I have done my fair share of public speaking, but it has generally been in a business context and mostly to professionals who want to learn how going paperless can improve their business or their life.
This time was different. This time I was about to take the stage at SimpleREV in Minneapolis, and I was much more nervous than usual.
It could have been the fact that I was on 3 hours of sleep (thank you Sun Country). It could have been that I was coming from 31 degrees in Southern California to 3 degrees in Minnesota and was trying to recover from a brutal cold.
Truth be told, the main reason was that I knew that this audience was different. This was an audience that not only uses paper, but loves paper.
Joshua Becker from Becoming Minimalist was there. Mike Vardy from Productivityist was there, and just a week earlier he had done a podcast about his love for paper. David Delp from Pilot Fire was handing out stacks of index cards to the audience.
In other words, this was not a group of accountants or real estate agents. So what the heck was I doing there?
Mostly it was because I truly believe that it is hard to focus on simplicity and being mindful if you have “stuff” all over the place and don’t know where anything is.
To me it is hard to live a contented life if you have to dig through piles of paper to find that one crucial document, or if you have to worry, even subconsciously, that you are one hard drive crash away from losing your entire digital life.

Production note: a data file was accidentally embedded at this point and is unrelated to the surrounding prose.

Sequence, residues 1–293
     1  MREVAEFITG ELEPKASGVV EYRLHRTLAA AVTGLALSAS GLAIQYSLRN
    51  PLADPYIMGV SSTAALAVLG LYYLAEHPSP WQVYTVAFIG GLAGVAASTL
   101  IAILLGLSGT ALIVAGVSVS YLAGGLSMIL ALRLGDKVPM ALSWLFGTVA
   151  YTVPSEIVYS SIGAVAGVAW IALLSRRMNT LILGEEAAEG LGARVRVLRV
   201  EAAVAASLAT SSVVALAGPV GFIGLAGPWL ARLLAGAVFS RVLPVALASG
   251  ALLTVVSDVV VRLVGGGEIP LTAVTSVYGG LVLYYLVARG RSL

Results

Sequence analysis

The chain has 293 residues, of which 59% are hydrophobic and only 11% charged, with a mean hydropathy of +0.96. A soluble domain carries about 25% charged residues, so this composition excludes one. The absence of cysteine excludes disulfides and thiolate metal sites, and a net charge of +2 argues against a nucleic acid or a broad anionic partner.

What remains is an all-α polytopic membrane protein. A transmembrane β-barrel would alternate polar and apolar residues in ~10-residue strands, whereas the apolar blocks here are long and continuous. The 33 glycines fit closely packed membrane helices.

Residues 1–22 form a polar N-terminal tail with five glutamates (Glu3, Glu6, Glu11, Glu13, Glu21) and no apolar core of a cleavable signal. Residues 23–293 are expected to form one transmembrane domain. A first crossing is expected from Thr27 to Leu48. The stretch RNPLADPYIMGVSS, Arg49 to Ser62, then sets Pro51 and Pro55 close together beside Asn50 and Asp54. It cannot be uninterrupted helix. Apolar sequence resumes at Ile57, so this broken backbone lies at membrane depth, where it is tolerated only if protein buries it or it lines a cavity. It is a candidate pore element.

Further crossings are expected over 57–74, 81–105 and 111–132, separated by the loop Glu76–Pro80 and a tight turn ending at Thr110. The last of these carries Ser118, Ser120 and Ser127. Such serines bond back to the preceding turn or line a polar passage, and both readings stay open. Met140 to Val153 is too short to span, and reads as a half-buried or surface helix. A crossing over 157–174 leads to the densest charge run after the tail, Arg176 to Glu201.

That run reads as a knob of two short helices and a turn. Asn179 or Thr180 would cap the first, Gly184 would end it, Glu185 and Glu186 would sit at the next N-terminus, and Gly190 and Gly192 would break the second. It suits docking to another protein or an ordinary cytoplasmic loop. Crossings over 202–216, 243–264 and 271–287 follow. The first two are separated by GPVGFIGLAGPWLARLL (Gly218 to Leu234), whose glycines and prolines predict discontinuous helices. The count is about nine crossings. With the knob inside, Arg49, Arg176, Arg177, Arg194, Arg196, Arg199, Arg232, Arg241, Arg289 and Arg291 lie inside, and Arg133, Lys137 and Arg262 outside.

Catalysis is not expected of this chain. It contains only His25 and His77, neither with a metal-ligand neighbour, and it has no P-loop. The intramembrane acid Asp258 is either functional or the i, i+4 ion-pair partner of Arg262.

Thankfully, no one threw rare Japanese pens, artisanal notebooks, or staplers at me. The aforementioned Patrick Rhone was kind enough to sketchnote my talk, and here were his main takeaways:
My focus, other than the tactical aspects was:
- Going paperless does not necessarily mean a total absence of paper or taking away activities that you love to do. It is just about being mindful of the paper that you use and the paper that you keep.
- Think about what it is you are actually trying to achieve.
- Think about how you are actually going to find these documents later.
- The most important thing is to make sure your documents are protected, and this means backing up to more than one location.
My goal for my talk was to have people put some thought into how they store and find their digital documents, and most importantly to make sure that their digital lives were backed up. I was pleased to see that at least one person took action.
— Sarah Wehkamp (@sarahwehkamp) October 13, 2014
It is always good to do some things that are outside of your comfort zone, and speaking at SimpleREV was definitely one of them. If nothing else, I learned the origin of the name of Flin Flon, Manitoba.
(Photo by Mitchell Gerskup)